Emma Myers interviews Joshua Oppenheimer in Guernica:
“It is forbidden to kill; therefore all murderers are punished unless they kill in large numbers to the sound of trumpets.” No one captures the problematic pretense of impunity better than Voltaire—except perhaps documentarian Joshua Oppenheimer. The director’s new and profoundly disturbing film, The Act of Killing, opens with a direct nod to the philosopher, if only to one-up him. In an effort to expose the moral murkiness behind Indonesia’s 1965 and 1966 government sponsored purges, Oppenheimer gets up close and personal with a group of perpetrators whose attempts at self-glorification are enough to make a full brass band seem understated.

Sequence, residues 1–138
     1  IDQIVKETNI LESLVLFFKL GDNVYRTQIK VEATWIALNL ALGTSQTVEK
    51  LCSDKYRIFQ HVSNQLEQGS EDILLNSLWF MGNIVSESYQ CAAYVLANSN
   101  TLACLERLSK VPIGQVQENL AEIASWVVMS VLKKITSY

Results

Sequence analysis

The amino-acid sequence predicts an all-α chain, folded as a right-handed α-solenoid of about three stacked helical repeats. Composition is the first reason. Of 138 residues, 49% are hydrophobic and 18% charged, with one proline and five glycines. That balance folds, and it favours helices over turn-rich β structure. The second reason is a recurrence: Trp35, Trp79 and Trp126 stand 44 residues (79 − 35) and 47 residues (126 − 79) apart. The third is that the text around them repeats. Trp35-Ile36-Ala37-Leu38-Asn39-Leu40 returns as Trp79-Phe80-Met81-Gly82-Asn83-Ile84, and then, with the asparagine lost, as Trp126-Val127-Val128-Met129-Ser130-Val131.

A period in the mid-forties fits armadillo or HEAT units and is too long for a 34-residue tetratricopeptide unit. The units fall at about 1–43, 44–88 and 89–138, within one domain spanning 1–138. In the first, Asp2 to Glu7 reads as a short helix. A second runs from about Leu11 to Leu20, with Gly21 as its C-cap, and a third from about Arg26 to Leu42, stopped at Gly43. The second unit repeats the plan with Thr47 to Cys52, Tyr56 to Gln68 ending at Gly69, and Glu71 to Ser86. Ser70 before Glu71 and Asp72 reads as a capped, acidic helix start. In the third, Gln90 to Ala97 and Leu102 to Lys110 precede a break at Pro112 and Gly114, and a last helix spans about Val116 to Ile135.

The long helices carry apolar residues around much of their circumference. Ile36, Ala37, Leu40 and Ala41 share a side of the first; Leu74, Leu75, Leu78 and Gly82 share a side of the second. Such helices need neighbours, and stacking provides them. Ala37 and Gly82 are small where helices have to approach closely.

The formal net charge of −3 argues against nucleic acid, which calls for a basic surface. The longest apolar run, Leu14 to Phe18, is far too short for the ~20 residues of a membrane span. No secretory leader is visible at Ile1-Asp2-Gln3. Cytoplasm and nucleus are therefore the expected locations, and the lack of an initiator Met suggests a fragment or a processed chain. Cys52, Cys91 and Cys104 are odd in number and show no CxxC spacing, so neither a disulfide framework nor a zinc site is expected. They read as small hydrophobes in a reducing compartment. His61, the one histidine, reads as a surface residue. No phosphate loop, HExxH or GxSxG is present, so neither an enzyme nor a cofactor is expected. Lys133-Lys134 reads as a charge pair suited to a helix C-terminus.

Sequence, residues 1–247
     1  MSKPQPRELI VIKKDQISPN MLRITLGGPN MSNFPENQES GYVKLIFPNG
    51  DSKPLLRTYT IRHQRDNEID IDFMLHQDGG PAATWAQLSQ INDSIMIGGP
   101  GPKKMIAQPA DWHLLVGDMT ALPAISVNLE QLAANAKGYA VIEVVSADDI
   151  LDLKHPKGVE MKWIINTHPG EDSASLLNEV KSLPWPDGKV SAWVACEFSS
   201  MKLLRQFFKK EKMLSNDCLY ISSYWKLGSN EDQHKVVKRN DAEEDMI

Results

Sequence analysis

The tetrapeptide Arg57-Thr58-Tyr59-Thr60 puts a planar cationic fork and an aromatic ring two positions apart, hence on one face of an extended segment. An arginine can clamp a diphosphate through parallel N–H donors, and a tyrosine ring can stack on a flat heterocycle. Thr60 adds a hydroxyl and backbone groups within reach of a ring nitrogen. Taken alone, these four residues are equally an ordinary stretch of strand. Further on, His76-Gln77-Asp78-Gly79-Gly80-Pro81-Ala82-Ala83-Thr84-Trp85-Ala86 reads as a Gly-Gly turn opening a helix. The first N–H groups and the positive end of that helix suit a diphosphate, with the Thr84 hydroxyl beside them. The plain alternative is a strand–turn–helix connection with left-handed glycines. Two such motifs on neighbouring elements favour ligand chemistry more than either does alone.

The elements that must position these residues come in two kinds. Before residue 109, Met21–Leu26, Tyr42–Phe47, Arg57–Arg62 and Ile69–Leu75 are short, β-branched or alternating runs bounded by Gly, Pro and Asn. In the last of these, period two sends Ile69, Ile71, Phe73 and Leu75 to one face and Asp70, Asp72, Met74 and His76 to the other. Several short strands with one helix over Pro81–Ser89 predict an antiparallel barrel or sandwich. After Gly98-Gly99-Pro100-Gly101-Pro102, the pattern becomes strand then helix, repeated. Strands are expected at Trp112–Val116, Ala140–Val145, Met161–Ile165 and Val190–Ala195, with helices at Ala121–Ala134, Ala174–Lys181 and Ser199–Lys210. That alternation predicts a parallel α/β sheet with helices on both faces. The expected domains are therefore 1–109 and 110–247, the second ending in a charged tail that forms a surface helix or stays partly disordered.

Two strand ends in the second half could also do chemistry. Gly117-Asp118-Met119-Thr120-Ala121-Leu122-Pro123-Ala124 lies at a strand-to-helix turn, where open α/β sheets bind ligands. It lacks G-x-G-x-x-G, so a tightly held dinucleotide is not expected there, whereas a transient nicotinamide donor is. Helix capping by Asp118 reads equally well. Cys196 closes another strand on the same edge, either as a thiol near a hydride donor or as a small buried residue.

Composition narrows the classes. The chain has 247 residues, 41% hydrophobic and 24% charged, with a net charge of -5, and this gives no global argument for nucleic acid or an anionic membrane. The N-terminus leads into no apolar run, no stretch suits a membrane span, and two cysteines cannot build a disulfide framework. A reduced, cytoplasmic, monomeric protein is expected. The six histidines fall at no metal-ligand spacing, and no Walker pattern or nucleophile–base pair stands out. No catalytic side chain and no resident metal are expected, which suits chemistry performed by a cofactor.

Documenting a fictive take on reality rather than reality per se, The Act of Killing unfolds in an unnerving aesthetic overlap between the surreal and the hyperreal. The subjects of the film, former members of the country’s vigilante military Pancasila Youth Party, go to theatrical extremes to reenact the atrocities they committed. In addition to recruiting women and children to act out large-scale massacres, the men stage interrogations, beatings, and executions, as well as costumed and almost hallucinogenic musical numbers in which dancers emerge from the mouth of a gargantuan metal fish.
Despite the overall effect of visceral and ethical nausea, moments of uncomfortable humor arise out of the disjunction between what we know about the subjects’ past and the way we see them behave in the present. When they drunkenly belt out Bob Dylan lyrics or stop filming because the call to prayer demands a moment of spiritual reverence, the viewer is forced into a state of cognitive dissonance. But as the Oppenheimer observes, the Manichean divide of good guys and bad guys can “only exist in movies.”